My platform is all about a fresh vision for Maui’s future. It’s about long-term planning in government—so making an earnest effort to transition away from unclean and unsustainable energy, towards renewable and sustainable practices is very important to me.

I believe that in Hawai’i, we have a very unique, pre-existing cultural connection to our ‘āina, as well as a very unique topographical advantage that enables us to be societal leaders in this global, inevitable, and crucial shift towards renewable and sustainable practices.

That being said, I know a lot of you, or some of you, may not like wind power because they might be an eyesore and kind of change the vista of what we’re used to about this place that we call home; but there’s a point—to you I ask to look to the bigger picture and realize that future generations may not be able to experience this island as we have if we continue down the same route.

Wind power is forever, and it’s self-reliant. We’re not importing this energy. To me, it’s a very beautiful thing.

That being said, I wouldn’t support any policy that requires Maui to export any of this energy to ‘Oahu, without first taking care of our own energy needs. That’s very important to me, so that our needs, and our businesses, and our homes are taken care of.

Question 3: Health Care – Would you support the creation of a second hospital on Maui? Would it provide more convenient, life-saving care for outlying residents, or dilute the quality of care on the island.

Positive infrastructure development like the high school, and like a new hospital, is the one type of development that I can whole-heartedly support because it’s something that really adds to the community and plans for the future.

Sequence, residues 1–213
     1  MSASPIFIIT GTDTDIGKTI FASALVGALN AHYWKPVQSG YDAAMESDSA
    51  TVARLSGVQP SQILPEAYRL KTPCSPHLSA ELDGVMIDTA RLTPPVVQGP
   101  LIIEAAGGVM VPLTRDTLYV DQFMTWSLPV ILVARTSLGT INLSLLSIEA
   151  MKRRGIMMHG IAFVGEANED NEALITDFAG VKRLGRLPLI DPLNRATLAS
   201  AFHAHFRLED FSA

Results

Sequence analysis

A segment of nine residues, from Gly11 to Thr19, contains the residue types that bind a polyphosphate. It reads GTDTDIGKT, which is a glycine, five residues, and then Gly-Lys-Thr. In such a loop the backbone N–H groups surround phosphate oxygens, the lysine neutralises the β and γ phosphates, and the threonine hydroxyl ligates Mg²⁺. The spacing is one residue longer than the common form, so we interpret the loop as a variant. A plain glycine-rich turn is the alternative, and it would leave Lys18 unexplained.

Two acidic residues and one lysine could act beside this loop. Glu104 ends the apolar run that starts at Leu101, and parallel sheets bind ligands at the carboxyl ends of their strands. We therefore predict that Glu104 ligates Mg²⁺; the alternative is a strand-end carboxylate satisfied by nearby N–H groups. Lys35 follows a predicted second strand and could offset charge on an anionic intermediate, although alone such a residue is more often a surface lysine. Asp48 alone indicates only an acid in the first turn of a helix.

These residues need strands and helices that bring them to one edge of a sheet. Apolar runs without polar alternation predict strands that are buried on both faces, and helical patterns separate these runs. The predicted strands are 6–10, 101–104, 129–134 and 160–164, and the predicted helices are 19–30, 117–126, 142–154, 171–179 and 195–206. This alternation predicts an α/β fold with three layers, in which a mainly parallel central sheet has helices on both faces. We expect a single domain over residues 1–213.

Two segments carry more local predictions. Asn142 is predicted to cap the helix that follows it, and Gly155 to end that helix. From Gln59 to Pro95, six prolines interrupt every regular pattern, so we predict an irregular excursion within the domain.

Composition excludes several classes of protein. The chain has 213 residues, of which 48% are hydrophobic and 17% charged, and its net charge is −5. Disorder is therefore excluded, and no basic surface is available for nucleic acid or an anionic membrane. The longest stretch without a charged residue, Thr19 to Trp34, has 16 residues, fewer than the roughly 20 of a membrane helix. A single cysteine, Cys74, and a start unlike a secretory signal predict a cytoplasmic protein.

I believe that it’s due time for a new hospital here. I know the hospital workers now work really hard to take care of the population, but it’s ever-increasing.

(It’s) not only to meet our population size, but also to meet the size of our island. (Our island) is the second largest island, yet we only have this one true hospital here.

Preferably if it can be built in South or West Maui, that would be ideal, I think, for the growing cities out there.

So, yes, I will support it, but it will take a lot of work; it will take a lot of cooperation from the Maui delegation. Fortunately I have established very positive relationships with the Maui delegation, that we’re able to get in there and not get bullied by Honolulu interests.

Like the high school, I’m very confident that if elected, I can help push this project forward, and provide quality health care to our elderly, our children, and everybody here on Maui.

Closing Thoughts:

My name is Kaniela Ing and I’m running for the State House in South Maui—District 11—Kihei, Wailea, Makena. More information can be found through Facebook, on my website at kanielaing.com, and I look forward to meeting each of you. Aloha.